Deb Olin Unferth’s Pep Talk
I’m hoping your words are spilling out in fully formed plots, intriguing dilemmas, compelling characters, and sentences that feel vital and precise. But I well know that novels are unwieldy and that getting them under control can be like trying to herd planets into a line.
Here are a few tips that I’ve learned over the years.
1. Keep in mind the initial image that you had of your book. Writers often say that they were struck with an early image or tiny scene that filled them inexplicably with emotion and inspired them to create a story around it: the image of a woman leaving with a suitcase, the image of a car fallen into the ocean, or a mattress salesman staring across an expanse of beds. For the book I’m working on now, I have the image of thousands of flightless birds running across a field. What’s yours? Return to your image when you get stuck, recover its emotional power.
2. Write the plot of your book in a single sentence. The sentence should tell the action of the story, not describe the characters or the setting, except in a word or phrase. “A man of new money attempts to reclaim his lost love.” “A middle-aged man kidnaps his stepdaughter, with whom he is in love, and drives across the country.” I like to make my sentence a little exaggerated, a little dramatic, as if being read aloud by an announcer. Keep the sentence handy, and when you start to feel lost, look back at it and ask yourself: what can I write that will contribute to this plot? And don’t be afraid to change the sentence—stories change as we write them.
3. Have model novels in mind. I usually have a few books that I’m thinking about when I’m working, books that inspire me, books that face problems like my own book’s problems, books I’m talking to. And I seek other model novels as I write, I try to increase the list. I do not go back and reread the model novels until I’m done working on the book (I don’t want to be unduly influenced), so my model-novels list might include books I read twenty years ago, books I read last summer, and books I just read. Sometimes another person’s clear vision can help me define my own clear vision.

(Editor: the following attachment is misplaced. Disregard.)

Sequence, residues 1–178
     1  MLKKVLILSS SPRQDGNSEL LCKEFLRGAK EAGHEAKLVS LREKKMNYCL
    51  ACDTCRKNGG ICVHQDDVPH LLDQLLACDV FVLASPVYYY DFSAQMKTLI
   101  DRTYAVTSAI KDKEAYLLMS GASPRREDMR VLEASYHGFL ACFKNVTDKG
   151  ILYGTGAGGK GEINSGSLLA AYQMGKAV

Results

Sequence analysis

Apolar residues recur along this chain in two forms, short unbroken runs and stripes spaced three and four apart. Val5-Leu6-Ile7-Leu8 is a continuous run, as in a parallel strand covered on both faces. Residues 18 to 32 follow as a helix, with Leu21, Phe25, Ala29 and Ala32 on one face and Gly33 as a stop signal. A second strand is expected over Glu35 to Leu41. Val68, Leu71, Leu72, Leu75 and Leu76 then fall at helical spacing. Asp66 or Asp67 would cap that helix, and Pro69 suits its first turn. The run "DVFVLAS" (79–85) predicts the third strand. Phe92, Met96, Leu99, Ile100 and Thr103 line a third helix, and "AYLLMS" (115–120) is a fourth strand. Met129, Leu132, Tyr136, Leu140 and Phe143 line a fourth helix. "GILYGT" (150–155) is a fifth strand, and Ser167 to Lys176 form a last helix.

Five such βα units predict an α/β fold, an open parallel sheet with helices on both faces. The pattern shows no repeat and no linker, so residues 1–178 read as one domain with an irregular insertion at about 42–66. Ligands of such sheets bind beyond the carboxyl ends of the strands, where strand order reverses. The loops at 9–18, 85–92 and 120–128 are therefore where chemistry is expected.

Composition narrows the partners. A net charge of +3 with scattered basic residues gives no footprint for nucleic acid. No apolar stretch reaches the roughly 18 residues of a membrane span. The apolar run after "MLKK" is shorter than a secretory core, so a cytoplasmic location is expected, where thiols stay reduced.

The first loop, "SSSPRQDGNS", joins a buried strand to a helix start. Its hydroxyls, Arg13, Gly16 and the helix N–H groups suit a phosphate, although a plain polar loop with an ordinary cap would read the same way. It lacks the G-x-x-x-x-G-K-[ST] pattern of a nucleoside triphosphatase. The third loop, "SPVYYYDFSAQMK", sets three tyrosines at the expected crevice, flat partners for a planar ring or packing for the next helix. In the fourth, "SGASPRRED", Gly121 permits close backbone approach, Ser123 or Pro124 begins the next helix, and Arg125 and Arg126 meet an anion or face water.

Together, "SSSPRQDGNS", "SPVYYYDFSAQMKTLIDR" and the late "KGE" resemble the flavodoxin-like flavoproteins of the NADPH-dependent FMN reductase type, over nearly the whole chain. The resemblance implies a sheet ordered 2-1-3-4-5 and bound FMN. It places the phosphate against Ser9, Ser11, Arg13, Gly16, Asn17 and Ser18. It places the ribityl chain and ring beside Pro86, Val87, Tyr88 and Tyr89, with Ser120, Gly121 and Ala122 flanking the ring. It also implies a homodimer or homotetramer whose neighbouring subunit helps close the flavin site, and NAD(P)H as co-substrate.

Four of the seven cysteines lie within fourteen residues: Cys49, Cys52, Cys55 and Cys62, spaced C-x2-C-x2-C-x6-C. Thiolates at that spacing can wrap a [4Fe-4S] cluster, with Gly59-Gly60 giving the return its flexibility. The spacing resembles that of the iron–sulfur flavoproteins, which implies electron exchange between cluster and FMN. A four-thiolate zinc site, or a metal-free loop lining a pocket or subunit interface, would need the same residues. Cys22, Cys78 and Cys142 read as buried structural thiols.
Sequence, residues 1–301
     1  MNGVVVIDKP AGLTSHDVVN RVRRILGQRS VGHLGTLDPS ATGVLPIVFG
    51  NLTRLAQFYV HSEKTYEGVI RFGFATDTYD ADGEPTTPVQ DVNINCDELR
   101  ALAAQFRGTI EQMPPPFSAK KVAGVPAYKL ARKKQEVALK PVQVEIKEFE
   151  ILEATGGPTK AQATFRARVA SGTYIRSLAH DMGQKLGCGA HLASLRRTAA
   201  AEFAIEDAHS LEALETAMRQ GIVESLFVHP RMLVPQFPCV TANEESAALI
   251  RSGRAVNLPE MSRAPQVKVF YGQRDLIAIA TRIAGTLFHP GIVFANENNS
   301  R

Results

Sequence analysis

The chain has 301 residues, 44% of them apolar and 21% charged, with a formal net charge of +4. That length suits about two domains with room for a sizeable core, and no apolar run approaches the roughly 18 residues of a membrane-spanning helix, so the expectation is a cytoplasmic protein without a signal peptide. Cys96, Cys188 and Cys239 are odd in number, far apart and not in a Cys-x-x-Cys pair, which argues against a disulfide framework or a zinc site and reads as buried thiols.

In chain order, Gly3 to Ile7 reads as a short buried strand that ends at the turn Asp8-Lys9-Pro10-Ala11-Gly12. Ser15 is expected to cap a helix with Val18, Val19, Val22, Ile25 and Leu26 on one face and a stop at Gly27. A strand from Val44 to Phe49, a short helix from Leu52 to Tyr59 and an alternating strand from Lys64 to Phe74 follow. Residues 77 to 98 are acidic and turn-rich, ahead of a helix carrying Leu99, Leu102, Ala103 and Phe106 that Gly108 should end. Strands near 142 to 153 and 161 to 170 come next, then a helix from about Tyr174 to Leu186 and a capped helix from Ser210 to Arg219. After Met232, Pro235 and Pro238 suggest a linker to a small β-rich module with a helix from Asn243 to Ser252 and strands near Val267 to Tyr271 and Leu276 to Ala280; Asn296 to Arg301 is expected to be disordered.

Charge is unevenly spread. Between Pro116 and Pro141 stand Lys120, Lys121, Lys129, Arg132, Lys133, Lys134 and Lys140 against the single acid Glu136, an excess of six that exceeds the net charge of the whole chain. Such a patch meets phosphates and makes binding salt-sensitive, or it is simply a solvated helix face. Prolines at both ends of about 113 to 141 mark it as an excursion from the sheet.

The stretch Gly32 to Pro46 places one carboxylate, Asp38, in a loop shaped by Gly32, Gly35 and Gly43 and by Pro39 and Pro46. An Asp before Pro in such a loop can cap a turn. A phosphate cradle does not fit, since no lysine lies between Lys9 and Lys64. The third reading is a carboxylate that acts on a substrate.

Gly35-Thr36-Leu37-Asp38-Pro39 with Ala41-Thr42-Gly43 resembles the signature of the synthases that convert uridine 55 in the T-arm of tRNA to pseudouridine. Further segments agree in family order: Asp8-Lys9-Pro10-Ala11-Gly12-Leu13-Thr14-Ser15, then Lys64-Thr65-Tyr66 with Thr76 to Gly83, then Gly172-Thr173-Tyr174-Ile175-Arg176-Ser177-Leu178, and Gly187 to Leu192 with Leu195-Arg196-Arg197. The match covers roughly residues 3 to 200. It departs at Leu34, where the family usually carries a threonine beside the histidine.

4. Keep to a routine. John Cheever apparently woke up each day at the same time, dressed in a suit, took the elevator down to the basement, and worked among the pipes.
5. Break your routine. The way NOT to break your routine is to NOT show up at your desk at the regular hour, but rather by surprising yourself with an extra hour and a different desk. If you never write at lunchtime, one day write at lunchtime. Craziness! If you never write in the airport, write in the airport! Wow! What a rush! (You have to feel a little sorry for writers, really.)
6. Before you go to sleep, lay out what you want to work on the next day and write a little note of direction, just a few words. I know for a fact that this is helpful and yet I regularly fail to do it, but whenever I do, it pays off.
7. Write the book that feels urgent to you, that feels like a contribution. Why else do it?
Looking forward to reading your accomplishments,
Deb Olin Unferth